97 Years of Service

If only W.E. Marsh could see us now: 15,000 strong after almost 100 years of fighting for teachers, students and public schools.

Marsh was the Belmont teacher who gathered 17 of his colleagues together in the basement gymnasium of the old Normal School on Winnipeg’s William Avenue to discuss forming a teachers’ organization.

It was hot July day in 1918. Marsh and his fellow teachers met over lunch hour to pool their resources and lay the foundation for what was to become the Manitoba Teachers’ Federation (MTF).

They recognized that teachers’ wages, along with those of other workers, were paltry. They also knew they were sowing the seeds for something bigger than themselves.

The following year, on April 22, 1919—at 7:30 p.m. to be precise—hundreds of Manitoba’s teachers poured into the concert hall of the Industrial Bureau at Main and Water Streets to organize themselves at their first general meeting.

Some outsiders viewed the group suspiciously. As A. J. Struthers recalled: “We were not concerned about the general public—anyway most people had shown themselves massively indifferent to our doings. But some businessmen, certainly some school trustees, regarded this movement as a revolutionary Bolshevik plot to bring on a general strike.…”

Officially organized

Herbert Huntley was chosen as the Federation’s president and B. Stewart was elected vice-president. The MTF’s first big test came in 1922 when nearly 80 of Brandon’s public school teachers were dismissed for rejecting a 25 per cent salary cut. (See Remarkable Display below.)

As J. C. Wherrett, one of those teachers, noted, “We felt that by taking a stand we had perhaps saved others from such an ordeal.” The Federation’s lobbying didn’t recover the jobs, but the MTF did come to the members’ financial aid.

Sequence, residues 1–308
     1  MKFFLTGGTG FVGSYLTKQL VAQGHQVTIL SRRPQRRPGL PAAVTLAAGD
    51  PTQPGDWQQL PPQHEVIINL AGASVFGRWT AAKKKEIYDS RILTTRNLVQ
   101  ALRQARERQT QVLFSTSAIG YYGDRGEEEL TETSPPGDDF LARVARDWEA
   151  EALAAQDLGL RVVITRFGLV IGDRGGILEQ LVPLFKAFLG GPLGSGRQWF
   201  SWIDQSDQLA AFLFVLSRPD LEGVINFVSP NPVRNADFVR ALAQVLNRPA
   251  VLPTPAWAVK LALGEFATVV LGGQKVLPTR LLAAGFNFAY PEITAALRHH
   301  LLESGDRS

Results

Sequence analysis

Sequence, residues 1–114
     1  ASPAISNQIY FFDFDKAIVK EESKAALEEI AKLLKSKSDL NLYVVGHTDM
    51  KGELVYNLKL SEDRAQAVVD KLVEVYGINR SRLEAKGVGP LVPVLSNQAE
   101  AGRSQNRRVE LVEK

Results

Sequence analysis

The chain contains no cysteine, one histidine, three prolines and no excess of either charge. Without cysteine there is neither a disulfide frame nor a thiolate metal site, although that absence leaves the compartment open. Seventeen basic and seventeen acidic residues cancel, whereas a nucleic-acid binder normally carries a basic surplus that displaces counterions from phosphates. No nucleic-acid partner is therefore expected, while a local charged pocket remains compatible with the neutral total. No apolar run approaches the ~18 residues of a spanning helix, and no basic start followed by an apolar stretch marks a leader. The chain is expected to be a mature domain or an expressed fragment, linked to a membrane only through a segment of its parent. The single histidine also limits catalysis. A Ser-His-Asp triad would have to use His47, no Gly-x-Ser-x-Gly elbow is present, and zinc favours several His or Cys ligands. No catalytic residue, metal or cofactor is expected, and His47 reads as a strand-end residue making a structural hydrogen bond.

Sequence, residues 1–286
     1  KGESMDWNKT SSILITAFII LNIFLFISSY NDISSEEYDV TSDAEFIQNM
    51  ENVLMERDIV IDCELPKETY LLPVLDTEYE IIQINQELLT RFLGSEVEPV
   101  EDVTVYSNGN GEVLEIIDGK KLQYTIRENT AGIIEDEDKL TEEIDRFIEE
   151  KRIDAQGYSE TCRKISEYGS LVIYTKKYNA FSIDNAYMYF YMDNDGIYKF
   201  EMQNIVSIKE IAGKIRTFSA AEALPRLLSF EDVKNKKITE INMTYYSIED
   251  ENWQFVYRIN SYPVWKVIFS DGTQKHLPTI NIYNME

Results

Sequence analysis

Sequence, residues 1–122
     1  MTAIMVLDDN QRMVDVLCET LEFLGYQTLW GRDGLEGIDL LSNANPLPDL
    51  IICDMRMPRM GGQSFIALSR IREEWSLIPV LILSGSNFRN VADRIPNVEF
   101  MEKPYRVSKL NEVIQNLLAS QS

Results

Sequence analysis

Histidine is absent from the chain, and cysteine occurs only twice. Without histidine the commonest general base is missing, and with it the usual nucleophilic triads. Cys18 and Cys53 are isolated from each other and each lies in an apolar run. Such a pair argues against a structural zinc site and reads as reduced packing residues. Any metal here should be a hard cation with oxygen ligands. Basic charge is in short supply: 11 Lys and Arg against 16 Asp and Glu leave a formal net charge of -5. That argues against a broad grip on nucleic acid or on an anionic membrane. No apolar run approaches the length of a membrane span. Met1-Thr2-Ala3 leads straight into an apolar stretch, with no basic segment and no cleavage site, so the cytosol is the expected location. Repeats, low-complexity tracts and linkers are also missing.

Slashed teachers’ salaries and indiscriminate firings followed during the Depression. Membership in the MTF fell dramatically during this period as teachers left the profession. However, in 1934, the MTF secured a new teachers’ contract which closed the trustees’ escape-hatch—the automatic lapsing of contracts.

Up to and during World War II, the MTF lobbied for larger school divisions to improve efficiency. In 1942, the MTF became The Manitoba Teachers’ Society (MTS) in recognition of its responsibility for teachers’ professionalism and ethical conduct.

In the 1950s, Manitoba teachers lost the right to strike. In return they gained binding arbitration, due process and a provincial certification board. Baby boomers strained Manitoba’s schools throughout the 1960s, and the Society continued its work towards the advancement of public school education.

The 1970s saw improvements in the teacher training and certification processes and the MTS tackled the issue of declining school enrollment. Education finance, teachers’ rights and mainstreaming were all burning issues during the 1980s.

New challenges such as underfunding, unequal access to programs for students, and government-imposed limits on teacher bargaining faced Manitoba teachers in the 1990s.

Close monitoring

Of course, the 21st century has brought with it new opportunities and challenges. The Society’s 57 teacher associations have been trimmed to 39 as a result of school board amalgamations. Local associations have adapted well to the changes.

Cuts and freezes to public education are no longer a regular occurrence, but underfunding remains a problem. Restrictions on teacher bargaining have been lifted. But, as always, the Society is looking to the future to improve its members’ rights and working conditions.

The system of local bargaining teachers have been using for 47 years has served teachers within limits. But it has made for uneven results in the collective agreements of the Society’s 39 associations. Most provinces and territories have already moved to provincial bargaining.

In 2002, the Society’s Provincial Council set a mandate to negotiate one province-wide collective agreement for all public school teachers. Some definite possibilities lie within our reach through bargaining one agreement with the Province.

Naturally, this and every other issue which could potentially affect the working lives and professional status of our members, now and in years to come, is being closely monitored by the Society.

Since its inception just 23 days before The Winnipeg General Strike, The Manitoba Teachers’ Society has protected teachers’ rights and working conditions, advanced public education and fought for strong public schools.

It is the first and best defense for Manitoba’s public school teachers. It will continue to champion the cause of teaching and public schools throughout the 21st century.